It is encouraging to see Iraq hold up to its end of the MOU with the U.S. despite prices being nearly double that of competing origins. Iraq has confirmed that they will complete their MOU with the United States and have purchased an additional 44,000 mt of US long grain milled rice with scheduled delivery in November.
This will help stabilize the milling schedule in Arkansas, but the announcement of the business wasn’t enough to put upward pressure on the futures market after last week’s supply and demand report. Stocks for long grain bumped 500,000 cwt, production bumped 400,000 cwt, and ending stocks jumped by 1.8 million cwt.
The announcement of the Iraqi business came at a perfect time to balance out these supply-side increases. The USDA’s July Rice Outlook raised its 2021/22 import forecast to a staggering 38.5 million cwt. That is a 13% increase in a year. Long grain increased 15% to 31.5 million. This puts imports at 30% of the U.S. domestic consumption. This is not what U.S. farmers like to hear.
On the ground, Louisiana has passed the halfway point in harvest, with qualities looking good at this point. The market is liquid in the $17.30/cwt range, but most of the focus remains on cutting.
Harvest is a bit more of a struggle in Texas, where rain and wind have created problems. Several hybrid lots to date have had poor milling quality, which garnered $10 premiums, resulting in total prices below $17/cwt. Conventionals have performed better thus far, with premiums closer to $11.50/cwt.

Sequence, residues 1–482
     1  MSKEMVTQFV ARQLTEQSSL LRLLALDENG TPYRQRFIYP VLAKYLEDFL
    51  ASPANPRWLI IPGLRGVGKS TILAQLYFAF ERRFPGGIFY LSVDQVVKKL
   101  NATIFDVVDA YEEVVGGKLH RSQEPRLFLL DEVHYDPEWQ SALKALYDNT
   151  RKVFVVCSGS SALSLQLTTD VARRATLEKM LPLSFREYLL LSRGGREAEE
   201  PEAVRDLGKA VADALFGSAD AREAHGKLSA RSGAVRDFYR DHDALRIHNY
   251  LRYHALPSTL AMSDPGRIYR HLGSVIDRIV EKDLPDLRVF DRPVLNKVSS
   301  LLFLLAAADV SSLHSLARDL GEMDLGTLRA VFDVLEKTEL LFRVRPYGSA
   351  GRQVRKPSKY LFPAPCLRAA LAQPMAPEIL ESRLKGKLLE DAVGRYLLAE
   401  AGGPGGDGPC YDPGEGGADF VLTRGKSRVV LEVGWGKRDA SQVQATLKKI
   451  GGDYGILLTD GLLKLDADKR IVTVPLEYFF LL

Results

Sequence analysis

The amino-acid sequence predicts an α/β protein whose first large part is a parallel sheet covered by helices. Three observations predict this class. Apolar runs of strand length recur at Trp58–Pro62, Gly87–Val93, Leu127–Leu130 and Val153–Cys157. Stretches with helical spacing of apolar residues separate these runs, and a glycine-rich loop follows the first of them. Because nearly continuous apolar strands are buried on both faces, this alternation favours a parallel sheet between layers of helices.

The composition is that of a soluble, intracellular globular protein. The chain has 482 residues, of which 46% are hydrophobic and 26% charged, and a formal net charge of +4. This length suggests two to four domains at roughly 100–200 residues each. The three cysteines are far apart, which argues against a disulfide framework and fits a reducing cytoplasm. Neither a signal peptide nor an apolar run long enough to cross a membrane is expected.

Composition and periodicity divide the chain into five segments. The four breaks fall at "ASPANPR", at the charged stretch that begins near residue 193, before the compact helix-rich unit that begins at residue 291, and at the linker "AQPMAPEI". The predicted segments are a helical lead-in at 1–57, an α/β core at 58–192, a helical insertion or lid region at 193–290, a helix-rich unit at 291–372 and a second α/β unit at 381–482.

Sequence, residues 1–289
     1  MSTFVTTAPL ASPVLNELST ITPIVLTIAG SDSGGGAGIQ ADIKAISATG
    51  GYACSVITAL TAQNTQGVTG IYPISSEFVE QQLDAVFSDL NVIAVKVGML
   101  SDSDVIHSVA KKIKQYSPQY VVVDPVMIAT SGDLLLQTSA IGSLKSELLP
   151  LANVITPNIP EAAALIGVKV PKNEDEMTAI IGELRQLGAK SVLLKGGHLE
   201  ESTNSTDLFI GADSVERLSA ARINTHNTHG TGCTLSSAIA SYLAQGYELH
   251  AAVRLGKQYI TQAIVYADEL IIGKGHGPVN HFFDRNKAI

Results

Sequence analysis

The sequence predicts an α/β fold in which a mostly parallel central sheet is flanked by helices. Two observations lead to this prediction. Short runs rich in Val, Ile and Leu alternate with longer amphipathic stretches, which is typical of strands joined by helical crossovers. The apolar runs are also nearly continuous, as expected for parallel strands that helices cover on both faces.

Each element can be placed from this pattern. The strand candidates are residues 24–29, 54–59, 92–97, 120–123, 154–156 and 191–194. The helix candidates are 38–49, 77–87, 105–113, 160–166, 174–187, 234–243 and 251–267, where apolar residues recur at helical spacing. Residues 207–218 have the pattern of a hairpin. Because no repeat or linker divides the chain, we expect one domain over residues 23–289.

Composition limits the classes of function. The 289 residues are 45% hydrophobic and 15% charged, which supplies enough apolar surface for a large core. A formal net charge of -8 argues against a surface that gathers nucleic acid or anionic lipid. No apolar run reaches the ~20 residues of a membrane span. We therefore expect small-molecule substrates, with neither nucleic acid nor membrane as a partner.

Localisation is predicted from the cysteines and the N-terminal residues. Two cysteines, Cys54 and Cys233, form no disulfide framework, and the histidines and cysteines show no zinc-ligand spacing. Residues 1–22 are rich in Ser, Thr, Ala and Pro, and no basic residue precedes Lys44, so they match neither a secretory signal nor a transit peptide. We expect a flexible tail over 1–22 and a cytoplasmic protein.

Mississippi is looking good despite their concerns earlier in the year, with 87% of the crop noted in fair to good condition, and most of the harvest expected to be complete in September.
Arkansas is in a similar spot, with harvest expected to begin in September, where 17% of the crop is rated as excellent, and the remaining balance is in good to fair condition.
Rice News on AgFax
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In Asia, prices are holding steady in Thailand after a few weeks of volatility; the price remains at $430 pmt. Iraq continues to be an active buyer there, and Thailand has been their supplier of choice for much of this year. Vietnam is significantly cheaper at $395 pmt, with the Philippines being their primary customer and exceeding all expectations at this point, as the Philippines appear to exceed the 3 million metric ton mark.
India remains the lowest at $355 pmt, with the news of a potentially light monsoon not having any impact on prices at this point. Pakistan is registering at $370 pmt with its record crop of 9 million metric tons.
The Reconciliation Package that Congress passed includes approximately $18 billion for the USDA conservation programs, with a directive to “mitigate or address climate change through the management of agricultural production.”
This will be broken down into our buckets, which include Environmental Quality Incentives Program, Regional Conservation Partnership Program, Conservation Stewardship Program, and the Agricultural Conservation Easement Program.
The futures market has remained relatively flat as harvest has gotten underway. Open interest this week is at 8,789, flat from last week, while average daily volume took a huge jump, up to 1,243, or 135% higher than last week.
The weekly USDA Export Sales report shows net sales of 6,500 MT this week, primarily for Canada (3,900 MT) and Mexico (1,600 MT). Exports of 17,200 MT were primarily to Guatemala (8,600 MT), Canada (3,200 MT), El Salvador (2,100 MT), Mexico (1,800 MT), and Belgium (500 MT).